Molly Henry and David Boyajian of Schwabe, Williamson & Wyatt talk about relationship-focused principles for effective incident documentation, witness preparation and mediation with respect to marine-based liabilities
Evan Goldschlag, legal intern at Thomas Miller, looks at the implications of recent updates to the U.S
The Loss Prevention department of both UK P&I and the TT Club, spoke about bodily injury claims data from both marine and terminal risks
The UK Club is no stranger to the sudden increase in ‘nuclear verdicts’ around the United States
Appellate Specialist, Patrick Yingling, a Partner at Reed Smith, joined us at this year's Thomas Miller Bodily Injury Seminar to discuss the appellate process and the reasons to consider engaging appellate counsel when a case is still in litigation at the pre-trial and trial stages.
Bill Ryan and Shari Friedman of Chicago law firm Marwedel, Minichello & Reeb educated the attendees at the Thomas Miller Bodily Injury Seminar as to what constitutes a nuclear verdict, why they appear to be happening with increased frequency and, most importantly, what can be done to counter them
Our Americas Members often deal with contracts of carriage subject to the US Carriage of Goods by Sea Act ("COGSA") and the Harter Act, here we address FAQ's.
The region comprising Latin America and the Caribbean is a busy one for the UK P&I Club. Some prominent Members have a large number of tons entered with the Club and have this region as their principal place of business. Moreover, many of the Club’s entered ships frequently call at Latin American and Caribbean ports regardless of where the Member is based, which can undoubtedly be anywhere in the world.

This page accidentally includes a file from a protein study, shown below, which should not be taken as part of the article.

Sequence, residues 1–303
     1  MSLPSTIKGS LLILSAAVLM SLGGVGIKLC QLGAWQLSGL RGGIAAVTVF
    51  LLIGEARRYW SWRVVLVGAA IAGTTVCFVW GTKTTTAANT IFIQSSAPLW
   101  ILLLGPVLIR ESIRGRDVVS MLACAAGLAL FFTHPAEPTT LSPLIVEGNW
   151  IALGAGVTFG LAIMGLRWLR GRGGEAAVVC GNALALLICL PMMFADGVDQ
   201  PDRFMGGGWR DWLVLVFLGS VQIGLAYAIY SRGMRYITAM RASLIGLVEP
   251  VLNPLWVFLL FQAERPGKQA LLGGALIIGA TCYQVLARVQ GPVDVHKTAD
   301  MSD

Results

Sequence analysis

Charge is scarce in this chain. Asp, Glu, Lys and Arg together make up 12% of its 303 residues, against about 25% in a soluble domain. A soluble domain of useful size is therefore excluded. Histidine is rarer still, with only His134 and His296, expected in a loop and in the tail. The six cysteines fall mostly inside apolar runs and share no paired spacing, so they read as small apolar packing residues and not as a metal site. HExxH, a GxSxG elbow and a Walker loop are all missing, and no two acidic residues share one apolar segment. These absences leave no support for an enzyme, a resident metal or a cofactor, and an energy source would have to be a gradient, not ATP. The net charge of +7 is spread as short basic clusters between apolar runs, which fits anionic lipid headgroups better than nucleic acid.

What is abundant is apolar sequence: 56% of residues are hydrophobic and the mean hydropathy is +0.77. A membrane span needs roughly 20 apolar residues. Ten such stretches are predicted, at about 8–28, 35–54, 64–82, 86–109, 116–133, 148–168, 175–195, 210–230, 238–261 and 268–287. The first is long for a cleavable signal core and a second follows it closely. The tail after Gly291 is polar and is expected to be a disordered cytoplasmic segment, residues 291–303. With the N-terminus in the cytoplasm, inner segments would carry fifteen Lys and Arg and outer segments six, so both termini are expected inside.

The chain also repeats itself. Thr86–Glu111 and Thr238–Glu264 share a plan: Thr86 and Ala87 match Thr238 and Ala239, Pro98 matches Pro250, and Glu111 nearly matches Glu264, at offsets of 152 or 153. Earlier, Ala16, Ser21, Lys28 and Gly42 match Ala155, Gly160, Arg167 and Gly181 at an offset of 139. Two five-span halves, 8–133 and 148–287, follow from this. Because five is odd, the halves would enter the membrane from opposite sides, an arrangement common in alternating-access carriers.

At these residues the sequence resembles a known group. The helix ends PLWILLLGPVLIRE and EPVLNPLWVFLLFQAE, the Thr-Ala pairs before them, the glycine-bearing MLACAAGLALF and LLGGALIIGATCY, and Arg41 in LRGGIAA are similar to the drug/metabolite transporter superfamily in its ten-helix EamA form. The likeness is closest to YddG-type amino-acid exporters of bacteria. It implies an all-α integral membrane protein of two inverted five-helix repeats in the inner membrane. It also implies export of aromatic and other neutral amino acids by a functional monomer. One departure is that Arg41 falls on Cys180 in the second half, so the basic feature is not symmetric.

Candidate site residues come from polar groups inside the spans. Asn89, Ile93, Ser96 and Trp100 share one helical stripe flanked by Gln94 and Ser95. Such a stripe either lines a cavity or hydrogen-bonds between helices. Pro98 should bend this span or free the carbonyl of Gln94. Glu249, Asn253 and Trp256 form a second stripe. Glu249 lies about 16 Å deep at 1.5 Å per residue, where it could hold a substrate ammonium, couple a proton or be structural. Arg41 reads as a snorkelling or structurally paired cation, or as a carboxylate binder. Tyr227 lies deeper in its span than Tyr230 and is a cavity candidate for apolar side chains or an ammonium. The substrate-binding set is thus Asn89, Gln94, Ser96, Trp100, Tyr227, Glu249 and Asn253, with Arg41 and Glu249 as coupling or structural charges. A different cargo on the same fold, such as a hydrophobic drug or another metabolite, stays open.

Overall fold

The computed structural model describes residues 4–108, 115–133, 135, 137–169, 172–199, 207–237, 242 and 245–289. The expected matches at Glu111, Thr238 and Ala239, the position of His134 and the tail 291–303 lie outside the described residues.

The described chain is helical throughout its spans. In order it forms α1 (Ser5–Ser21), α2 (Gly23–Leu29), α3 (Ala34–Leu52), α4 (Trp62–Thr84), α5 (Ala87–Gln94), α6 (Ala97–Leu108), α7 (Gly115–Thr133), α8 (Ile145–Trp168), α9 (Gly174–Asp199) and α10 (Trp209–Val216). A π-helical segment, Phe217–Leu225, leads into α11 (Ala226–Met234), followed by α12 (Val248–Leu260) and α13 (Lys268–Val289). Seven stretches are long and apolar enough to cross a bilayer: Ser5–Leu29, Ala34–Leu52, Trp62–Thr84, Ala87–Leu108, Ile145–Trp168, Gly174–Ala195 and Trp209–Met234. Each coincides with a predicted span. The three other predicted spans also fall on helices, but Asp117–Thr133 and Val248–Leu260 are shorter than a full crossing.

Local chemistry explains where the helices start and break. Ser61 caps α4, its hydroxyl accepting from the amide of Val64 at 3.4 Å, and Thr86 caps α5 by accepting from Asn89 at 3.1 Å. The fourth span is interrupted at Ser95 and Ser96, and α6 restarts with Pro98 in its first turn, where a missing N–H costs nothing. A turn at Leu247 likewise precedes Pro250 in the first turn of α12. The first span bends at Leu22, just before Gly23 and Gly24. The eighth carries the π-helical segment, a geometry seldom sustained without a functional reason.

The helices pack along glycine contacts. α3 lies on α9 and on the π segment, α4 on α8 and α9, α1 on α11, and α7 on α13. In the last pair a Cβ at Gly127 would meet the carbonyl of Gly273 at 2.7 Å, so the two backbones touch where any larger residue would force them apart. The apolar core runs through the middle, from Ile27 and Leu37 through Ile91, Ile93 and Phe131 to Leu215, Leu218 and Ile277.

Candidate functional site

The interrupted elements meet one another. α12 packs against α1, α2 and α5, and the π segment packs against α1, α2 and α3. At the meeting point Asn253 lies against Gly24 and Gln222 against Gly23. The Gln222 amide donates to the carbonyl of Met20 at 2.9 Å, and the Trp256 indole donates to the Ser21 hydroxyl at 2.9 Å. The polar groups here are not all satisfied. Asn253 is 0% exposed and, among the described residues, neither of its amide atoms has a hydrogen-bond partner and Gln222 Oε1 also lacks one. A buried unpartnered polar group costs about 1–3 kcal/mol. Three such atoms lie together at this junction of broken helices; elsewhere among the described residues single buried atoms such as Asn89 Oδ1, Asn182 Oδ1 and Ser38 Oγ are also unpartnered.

Loading grain cargo in the Pacific Northwest
Loading grains in the Pacific Northwest can be a real test of patience. For shipowners not familiar with the Pacific Northwest, where it rains approximately 150 to 180 days per year, with rainfall totals averaging 40 inches per year, it is important to maximise loading during periods of light rain and to prevent vessel delays while avoiding moisture damage to the cargo during periods of moderate to heavy rain.
Founded in 1543, Santos has been long known as a port city – first through the export of coffee and then other commodities. Santos was significantly modernised and expanded in the 1990s to incorporate new technologies, operating with specialised terminals for containers, general cargo, and dry and liquid bulk, and it is responsible for almost 27% of the country’s trade. Santos is considered the largest port in Latin America, with its docks being 25 km long and able to accommodate about 50 ships at a time.
A Solution to Pollution
An oil spill is an ‘all hands-on deck!’ moment, inviting everyone from insurers, charterers, owners, the U.S. Coast Guard, local and state authorities, property, and ecological interests, and more to get involved. Tying all these parties together is the Oil Pollution Act of 1990 (‘OPA’).